Martin Lewis, a British journalist and money-saving expert, has said he’ll sue Facebook for defamation for publishing fake ads with his name.
According to MoneySavingExpert founder, the social media platform published more than fifty adverts featuring his name and face that caused reputational damage to him.
Lewis will file court papers at the High Court for a defamation case against the California-based company on Monday, according to BBC.
He said any damages he wins from Facebook would be donated to anti-fraud charities.
Lewis said several of the adverts with titles such as Bitcoin Code or Cloud Trader were operating as fronts for binary trading firms outside European Union (EU).
He said unlike advertising companies like Outbrain and Revcontent, Facebook has failed to remove such adverts despite his repeated complaints.
Facebook, however, has denied Lewis’ allegations of facilitating scammers, saying misleading ads on its network are strictly prohibited and any reported are taken down.
The journalist says Facebook published more than 50 adverts featuring his name and face that tarnished his reputation
“We do not allow adverts which are misleading or false on Facebook and have explained to Martin Lewis that he should report any adverts that infringe his rights and they will be removed,” the company said in a statement.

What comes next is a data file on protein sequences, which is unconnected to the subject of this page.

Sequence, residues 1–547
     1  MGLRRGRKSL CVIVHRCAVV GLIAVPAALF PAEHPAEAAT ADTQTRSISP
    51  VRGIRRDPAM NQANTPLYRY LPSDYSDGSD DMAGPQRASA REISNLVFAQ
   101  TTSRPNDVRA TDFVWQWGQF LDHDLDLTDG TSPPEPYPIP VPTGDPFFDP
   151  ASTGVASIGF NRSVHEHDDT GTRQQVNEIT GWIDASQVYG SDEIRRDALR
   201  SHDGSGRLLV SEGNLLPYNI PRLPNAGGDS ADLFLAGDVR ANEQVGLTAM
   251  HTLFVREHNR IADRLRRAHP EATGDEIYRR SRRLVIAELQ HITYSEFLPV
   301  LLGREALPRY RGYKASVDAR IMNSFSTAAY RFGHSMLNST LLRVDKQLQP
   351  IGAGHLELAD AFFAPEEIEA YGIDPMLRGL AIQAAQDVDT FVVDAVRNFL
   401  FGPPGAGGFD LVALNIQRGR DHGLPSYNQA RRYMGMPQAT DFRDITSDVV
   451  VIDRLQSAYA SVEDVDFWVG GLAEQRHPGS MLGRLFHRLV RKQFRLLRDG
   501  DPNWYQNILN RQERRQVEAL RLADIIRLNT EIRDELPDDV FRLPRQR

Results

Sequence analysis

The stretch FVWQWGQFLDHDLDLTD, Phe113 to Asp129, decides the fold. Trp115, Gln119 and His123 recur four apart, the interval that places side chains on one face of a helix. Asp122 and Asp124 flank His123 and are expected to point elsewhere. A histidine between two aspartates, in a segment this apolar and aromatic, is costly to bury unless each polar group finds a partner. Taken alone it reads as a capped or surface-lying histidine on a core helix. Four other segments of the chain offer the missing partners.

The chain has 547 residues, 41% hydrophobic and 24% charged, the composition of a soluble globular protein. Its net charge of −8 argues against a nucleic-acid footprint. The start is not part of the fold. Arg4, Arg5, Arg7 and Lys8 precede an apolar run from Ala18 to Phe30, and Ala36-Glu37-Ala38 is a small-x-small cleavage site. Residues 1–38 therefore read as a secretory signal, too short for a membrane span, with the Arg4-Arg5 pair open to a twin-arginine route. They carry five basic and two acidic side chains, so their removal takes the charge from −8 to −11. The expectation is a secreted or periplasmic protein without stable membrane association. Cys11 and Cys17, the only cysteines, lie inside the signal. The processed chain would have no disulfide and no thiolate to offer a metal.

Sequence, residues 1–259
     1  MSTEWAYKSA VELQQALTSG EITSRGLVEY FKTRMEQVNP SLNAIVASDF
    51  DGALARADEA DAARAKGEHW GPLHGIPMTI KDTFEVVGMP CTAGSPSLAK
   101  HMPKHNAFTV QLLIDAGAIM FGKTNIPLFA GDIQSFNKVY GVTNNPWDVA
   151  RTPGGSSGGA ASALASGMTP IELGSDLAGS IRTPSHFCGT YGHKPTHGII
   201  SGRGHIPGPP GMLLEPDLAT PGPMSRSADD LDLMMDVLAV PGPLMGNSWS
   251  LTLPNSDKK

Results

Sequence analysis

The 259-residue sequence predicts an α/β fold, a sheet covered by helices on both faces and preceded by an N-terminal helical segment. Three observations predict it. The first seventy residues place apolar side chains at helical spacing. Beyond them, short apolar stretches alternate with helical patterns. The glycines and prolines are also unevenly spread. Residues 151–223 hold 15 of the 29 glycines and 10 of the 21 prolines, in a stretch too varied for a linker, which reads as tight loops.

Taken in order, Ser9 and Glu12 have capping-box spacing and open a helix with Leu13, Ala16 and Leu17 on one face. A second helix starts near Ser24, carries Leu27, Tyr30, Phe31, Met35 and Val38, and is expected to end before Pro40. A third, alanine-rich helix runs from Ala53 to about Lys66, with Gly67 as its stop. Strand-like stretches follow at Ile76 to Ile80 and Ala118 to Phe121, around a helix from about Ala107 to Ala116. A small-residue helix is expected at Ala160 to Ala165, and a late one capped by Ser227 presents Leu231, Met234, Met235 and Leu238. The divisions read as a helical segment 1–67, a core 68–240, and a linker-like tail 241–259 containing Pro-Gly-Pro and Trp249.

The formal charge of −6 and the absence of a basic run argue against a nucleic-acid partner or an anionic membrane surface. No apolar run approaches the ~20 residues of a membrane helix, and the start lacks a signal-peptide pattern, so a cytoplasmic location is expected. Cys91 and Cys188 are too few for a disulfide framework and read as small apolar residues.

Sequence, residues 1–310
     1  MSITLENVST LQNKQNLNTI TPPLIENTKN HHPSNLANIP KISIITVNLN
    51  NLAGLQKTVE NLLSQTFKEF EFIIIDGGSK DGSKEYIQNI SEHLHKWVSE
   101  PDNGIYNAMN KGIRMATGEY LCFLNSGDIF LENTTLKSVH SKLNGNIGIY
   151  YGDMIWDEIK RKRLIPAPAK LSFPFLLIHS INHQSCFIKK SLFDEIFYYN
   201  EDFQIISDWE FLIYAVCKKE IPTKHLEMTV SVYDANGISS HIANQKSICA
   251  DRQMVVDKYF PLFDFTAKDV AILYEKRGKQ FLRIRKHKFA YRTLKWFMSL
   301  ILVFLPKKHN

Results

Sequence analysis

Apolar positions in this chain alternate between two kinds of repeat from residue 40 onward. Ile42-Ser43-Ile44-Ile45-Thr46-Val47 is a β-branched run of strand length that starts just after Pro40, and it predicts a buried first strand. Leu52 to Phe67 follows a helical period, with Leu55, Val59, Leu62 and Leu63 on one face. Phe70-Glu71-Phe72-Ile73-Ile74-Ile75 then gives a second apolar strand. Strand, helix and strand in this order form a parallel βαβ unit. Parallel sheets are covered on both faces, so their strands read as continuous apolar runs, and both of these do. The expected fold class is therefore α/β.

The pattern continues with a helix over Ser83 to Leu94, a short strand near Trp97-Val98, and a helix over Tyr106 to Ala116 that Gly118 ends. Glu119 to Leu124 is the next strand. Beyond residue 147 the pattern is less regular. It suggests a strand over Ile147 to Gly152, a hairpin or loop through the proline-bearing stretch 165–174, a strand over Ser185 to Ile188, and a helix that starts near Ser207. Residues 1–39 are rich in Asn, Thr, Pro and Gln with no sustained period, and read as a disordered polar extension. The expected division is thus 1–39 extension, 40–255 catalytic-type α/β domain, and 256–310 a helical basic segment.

“We are in direct contact with his team, offering to help and promptly investigating their requests, and only last week confirmed that several adverts and accounts that violated our advertising policies had been taken down.”
Lewis’ lawsuit is likely to further increase Facebook’s woes as the company is already facing public outrage over the reports that it allowed political-advertising firm Cambridge Analytica to collect information of its about 50 million users without their permission during 2016’s U.S presidential election.
The London-based data-mining firm, which was affiliated with President Donald Trump campaign, conducted a fake survey through an app to gather personal information of users, which it used to influence elections.
Nearly a dozen class-lawsuits were filed against the social network, its founder and Chief Executive Officer (CEO) Mark Zuckerberg, Chief Operating Officer (COO) Sheryl Sandberg, Chief Financial Officer (CFO) David Wehner, and board members in different U.S courts by company’s stakeholders and general users over data-harvesting.
The scandal caused Facebook shares to significantly decline and forced 33-year-old Zuckerberg to make his first-ever appearance in the U.S Congress, where he apologized for his company’s role in the scandal and promised to ensure that such thing does not happen again.